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Domestic Violence

France slow to deliver on pledge to tackle domestic violence: women’s groups

The Maison des Femmes, in Saint-Denis, north of Paris. A centre with accomodation for women and children, victims of domestic violence.
The Maison des Femmes, in Saint-Denis, north of Paris. A centre with accomodation for women and children, victims of domestic violence. RFI/Pauline Renoir

One year ago, the French government opened a series of public consultations to address domestic violence. The initiatives have been slow to get off the ground, particularly in terms of emergency housing, according to women's groups. They are concerned by a rise in cases of abuse and the long term effects of the Covid-19 crisis.

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During a visit to the women's shelter La maison des femmes in Saint-Denis in the northern suburbs of Paris, the French Prime Minister Jean Castex announced that the government would allocate funds to create a further 1,000 places for emergency housing for victims of domestic violence.

This adds to the 1,000 places created on 3 September 2019 during a series of public consultations, known as a "grenelle", between government ministers, medical staff, advocacy groups and other.

"This brings us to 6,500 places in total, for women and children," added Minister for Equality Elisabeth Moreno, who added that 15 new centres to house violent partners will open this year, and 15 more in 2021.

Where is the accommodation?

However, women's groups are saying the initial 1,000 places for women have not yet materialised.

To express their disappointment at what they see is a limited roll-out of the new measures, women's groups organised a march in support of victims' families in Paris on Thursday.

"We still don't know where these places were created. Nor if any associations have been able to access them. Even the minister can't say," says Anne-Cécile Mailfert, president of Fondation des Femmes.

Moreno's office responded by insisting the places had been created, and that her staff were in the process of carrying out an audit, which would be ready by the end of November.

Mailfert has raised questions over the type of accommodation that will be made available.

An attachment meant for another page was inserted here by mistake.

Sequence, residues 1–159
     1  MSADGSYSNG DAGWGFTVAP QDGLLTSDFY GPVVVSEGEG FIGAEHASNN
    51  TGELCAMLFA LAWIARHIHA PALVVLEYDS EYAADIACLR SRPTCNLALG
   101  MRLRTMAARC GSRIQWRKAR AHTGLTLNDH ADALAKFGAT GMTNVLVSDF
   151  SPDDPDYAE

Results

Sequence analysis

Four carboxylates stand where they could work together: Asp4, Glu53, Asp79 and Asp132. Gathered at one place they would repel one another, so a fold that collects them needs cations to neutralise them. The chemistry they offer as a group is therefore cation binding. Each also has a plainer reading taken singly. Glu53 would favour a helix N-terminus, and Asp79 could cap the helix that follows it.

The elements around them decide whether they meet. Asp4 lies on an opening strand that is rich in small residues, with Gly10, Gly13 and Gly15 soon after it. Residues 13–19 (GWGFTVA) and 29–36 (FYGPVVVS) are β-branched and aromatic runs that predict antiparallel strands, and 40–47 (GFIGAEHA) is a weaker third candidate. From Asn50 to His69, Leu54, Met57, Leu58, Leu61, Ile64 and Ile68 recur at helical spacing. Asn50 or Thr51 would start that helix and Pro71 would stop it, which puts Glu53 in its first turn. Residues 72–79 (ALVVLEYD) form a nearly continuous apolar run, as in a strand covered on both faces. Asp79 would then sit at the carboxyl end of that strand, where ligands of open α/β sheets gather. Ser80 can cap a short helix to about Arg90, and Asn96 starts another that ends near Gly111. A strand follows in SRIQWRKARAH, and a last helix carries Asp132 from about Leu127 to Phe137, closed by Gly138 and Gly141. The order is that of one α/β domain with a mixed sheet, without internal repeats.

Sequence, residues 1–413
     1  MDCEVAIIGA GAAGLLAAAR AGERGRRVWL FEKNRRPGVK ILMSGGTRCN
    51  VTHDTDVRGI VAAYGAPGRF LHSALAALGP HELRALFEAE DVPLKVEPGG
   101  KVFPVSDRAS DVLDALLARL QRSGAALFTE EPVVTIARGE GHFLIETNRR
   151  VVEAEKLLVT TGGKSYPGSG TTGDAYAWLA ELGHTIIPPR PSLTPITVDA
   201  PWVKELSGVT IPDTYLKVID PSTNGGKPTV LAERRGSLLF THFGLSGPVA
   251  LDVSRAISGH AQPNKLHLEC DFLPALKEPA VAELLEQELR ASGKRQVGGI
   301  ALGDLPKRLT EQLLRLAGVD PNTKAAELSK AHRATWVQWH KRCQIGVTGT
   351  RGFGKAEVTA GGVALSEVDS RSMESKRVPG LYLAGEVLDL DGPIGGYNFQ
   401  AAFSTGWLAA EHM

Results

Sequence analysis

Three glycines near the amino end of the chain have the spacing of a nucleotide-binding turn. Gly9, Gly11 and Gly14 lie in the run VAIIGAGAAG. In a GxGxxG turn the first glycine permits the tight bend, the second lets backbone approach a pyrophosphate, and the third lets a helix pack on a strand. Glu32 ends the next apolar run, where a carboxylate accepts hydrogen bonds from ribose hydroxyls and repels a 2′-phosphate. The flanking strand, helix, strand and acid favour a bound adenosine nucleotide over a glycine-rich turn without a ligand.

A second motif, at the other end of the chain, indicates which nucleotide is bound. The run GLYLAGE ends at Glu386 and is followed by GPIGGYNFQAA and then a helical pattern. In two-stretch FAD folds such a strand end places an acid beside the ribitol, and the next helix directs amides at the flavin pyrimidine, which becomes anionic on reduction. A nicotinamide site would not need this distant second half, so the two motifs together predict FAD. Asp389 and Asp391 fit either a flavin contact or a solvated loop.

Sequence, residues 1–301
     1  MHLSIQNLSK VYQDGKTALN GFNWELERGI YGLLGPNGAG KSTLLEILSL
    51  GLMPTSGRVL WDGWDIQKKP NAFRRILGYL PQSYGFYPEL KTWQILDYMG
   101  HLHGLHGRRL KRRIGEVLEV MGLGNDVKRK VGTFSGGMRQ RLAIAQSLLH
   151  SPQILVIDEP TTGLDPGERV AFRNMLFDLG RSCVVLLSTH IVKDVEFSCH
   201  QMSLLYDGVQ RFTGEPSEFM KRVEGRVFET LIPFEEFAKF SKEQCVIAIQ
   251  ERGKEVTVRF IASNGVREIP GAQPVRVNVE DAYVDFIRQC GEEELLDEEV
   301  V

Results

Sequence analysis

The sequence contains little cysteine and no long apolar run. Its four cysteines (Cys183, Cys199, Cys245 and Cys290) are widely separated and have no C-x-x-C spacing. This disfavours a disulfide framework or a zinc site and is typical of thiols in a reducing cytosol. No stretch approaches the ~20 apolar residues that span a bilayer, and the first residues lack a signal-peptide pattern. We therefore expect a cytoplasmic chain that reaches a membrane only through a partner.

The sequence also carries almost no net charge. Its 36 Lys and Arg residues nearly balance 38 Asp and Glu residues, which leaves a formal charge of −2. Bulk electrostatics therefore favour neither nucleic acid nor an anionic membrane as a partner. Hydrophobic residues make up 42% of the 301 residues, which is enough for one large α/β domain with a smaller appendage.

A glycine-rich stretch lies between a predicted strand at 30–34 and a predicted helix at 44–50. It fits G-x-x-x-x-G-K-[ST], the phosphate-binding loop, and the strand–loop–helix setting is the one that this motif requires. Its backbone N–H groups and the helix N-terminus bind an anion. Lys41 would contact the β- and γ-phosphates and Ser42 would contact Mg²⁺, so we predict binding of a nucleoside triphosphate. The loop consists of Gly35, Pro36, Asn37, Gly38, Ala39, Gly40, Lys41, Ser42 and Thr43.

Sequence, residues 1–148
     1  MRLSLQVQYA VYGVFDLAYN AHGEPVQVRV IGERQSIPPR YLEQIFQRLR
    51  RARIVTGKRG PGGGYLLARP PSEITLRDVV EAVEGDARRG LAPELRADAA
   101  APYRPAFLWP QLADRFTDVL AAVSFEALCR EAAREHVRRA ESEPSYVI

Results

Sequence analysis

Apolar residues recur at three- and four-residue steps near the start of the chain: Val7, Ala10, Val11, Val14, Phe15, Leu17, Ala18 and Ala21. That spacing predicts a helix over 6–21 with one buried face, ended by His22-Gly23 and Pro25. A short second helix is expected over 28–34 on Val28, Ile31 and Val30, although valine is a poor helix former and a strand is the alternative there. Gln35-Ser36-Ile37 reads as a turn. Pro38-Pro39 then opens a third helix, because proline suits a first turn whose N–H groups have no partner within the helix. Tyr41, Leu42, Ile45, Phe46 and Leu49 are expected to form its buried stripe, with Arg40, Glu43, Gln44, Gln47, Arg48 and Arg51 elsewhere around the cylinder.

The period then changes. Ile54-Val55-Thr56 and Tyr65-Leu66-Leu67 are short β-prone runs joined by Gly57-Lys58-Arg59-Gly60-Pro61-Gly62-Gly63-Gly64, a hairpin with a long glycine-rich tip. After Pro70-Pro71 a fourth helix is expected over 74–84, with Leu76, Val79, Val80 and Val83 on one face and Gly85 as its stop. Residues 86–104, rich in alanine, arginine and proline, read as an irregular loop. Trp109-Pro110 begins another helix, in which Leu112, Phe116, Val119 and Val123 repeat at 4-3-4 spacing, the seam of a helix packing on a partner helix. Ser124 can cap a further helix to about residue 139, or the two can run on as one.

"With emergency accommodation, there is no room for quality follow-up and support," she says. "It's often in a hotel for social services. The woman could find herself in a room next door to a man who has just been released from prison – situations which would be frightening for women."

Femicides on the rise

These concerns come against a backdrop of the crisis brought about by Covid-19, and the marked rise in the number of femicides nationwide.

According to a report released by the interior ministry on 17 August, 146 women were killed by their partner or ex-partner in 2019 – 25 more than in 2018.

"The measures in place are still too random, in terms of their application. It all depends on the police, the courts and the department in charge," Frédérique Martz, the director of Women Safe, told RFI, adding that many women don't know about the services available to them.

The coronavirus lockdown period exacerbated difficulties facing women and girls and the organisations who try to help them.

During this time, Martz explains, some violent offenders were released temporarily and allowed to return home, which meant women found themselves confined in dangerous circumstances.

Long-term solutions

Martz says that structures like Women Safe that help victims of domestic abuse were "completely overwhelmed" during lockdown, despite the government's new measures.

Funding is "sorely needed", she says. But in addition to money for emergency cases, thought needs to be put into the longer term solutions for accommodation – especially when children are involved.

One key problem is that in many cases, women are not owners of their property, so their partners can force them to leave.

Martz agrees with other women's groups: the government's promises have only been partly fulfilled.

Traceability into offenders' criminal past is not adequate, with offences committed in non-European countries not included in their files. "Police don't make connections with past offences, which speaks for itself."

The confiscation of weapons from violent offenders is also only a partial fix, Martz says. 

To take the measure further, there have been calls for violent partners to be forced to wear electronic monitoring bracelets. Former minister for equality Marlène Schiappa told France Inter radio on Thursday that this measure would be rolled out in the coming weeks.

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